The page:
Here I Am invites the reader to join Jacob as he seeks meaning in a world he no longer understands. What is the value of faith? What are the limits of family loyalty? Can forgiveness heal? Can ancient rituals of faith and family still provide comfort when one is no longer certain of the permanence of either? Here I Am deftly ponders all these questions while entertaining its readers with its achingly intimate portrayal of modern life.
Note: There is some graphic language in the first part of the novel. I found it really troubling and nearly stopped reading because of it. If you can stick with it, you eventually understand why it’s there.
From Mary Laura Philpott: Long-listed for the National Book Award this year, Imagine Me Gone by Adam Haslett belongs on every best-of list. This is the kind of writing that makes you a better writer for having read it. Confession: I underlined so many passages and folded down so many pages in my first copy that I basically ruined it and had to buy a second copy for my bookshelf. The novel is about a family with a history of mental illness, and it contains some of the most searing and true descriptions of depression I’ve ever read – but please, don’t put it down because you think it’ll be a downer. It’s sad in parts, yes, but it’s also surprisingly uplifting, sometimes even hilarious. Haslett himself called it “a love letter to family,” which is a perfect description. That its author is a kind, funny gentleman who is as generous with his time as his talents is a bonus. Please read it.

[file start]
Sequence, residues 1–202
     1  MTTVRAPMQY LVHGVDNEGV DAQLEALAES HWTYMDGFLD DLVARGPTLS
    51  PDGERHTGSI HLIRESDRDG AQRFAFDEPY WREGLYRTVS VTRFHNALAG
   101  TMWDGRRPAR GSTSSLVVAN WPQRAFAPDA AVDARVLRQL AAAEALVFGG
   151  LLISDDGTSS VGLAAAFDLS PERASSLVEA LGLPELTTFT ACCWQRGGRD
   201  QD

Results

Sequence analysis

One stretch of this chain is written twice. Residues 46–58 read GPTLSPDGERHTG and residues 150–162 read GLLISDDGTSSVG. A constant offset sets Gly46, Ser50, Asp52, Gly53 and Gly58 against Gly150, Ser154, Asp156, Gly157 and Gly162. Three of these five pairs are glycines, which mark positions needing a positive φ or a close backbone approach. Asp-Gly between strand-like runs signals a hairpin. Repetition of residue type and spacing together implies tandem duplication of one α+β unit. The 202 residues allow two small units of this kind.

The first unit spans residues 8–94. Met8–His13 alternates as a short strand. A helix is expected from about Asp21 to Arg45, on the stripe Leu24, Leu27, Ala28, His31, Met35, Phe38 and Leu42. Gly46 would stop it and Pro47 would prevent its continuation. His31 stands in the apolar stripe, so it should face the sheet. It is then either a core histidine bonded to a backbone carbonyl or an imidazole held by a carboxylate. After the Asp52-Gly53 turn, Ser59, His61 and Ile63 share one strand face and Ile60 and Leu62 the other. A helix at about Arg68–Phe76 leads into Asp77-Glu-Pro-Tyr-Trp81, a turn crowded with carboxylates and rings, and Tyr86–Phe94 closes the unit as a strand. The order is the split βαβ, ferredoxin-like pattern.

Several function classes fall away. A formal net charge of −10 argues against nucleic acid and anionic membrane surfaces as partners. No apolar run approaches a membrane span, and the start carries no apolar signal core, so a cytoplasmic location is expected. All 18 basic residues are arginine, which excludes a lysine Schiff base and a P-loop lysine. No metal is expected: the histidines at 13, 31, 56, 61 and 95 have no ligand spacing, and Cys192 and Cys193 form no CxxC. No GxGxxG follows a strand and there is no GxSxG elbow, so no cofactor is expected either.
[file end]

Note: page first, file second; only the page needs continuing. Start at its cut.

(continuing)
From Don Winston: They’re Playing Our Song, by Carole Bayer Sager. Carole is a casual acquaintance in that L.A. way, so when I heard she was penning her memoir, I perked up. One of the most important songwriters of the past fifty years, Carole lays out her life and career in an addictive, page-whizzing autobiography. Her talent is a gift, but her drive and ambition – and innate decency – are her own creation.
From her break-out hit “A Groovy Kind of Love” to her Broadway smash (the book’s namesake) to the Oscar-winning “Arthur’s Theme” to Whitney Houston’s final chart-climber – and over 400 others – Carole’s songs have been part of your life, even if you don’t know it. Every few pages, you’ll think: “She wrote that, too?” In the world of love ballads, nobody does it better – and yep, you guessed it.
Sinatra, Streisand, Bette Midler, Michael Jackson, Peter Allen, Melissa Manchester, Aretha Franklin – they’re all here, vividly. So are her romances (Marvin Hamlisch, etc.) and marriages (Burt Bacharach et al.) that prompted Neil Simon to quip: “Her complete name could be a law firm.” Like her lyrics, Carole’s story focuses more on longing than heartbreak, and without giving away spoilers, fortunately her love life has a happy ending.
Breezy, wry, self-deprecating – with the right dose of snark – the book weaves its own elegant melody. Carole’s a class act who’s earned her perch in the pantheon of popular culture. And she’s still at her keyboard. Her pal David Geffen recently broke the news: “Honey, we’re old.” Geffen should speak for himself; Carole is ageless. So are her songs.
From Erica Wright: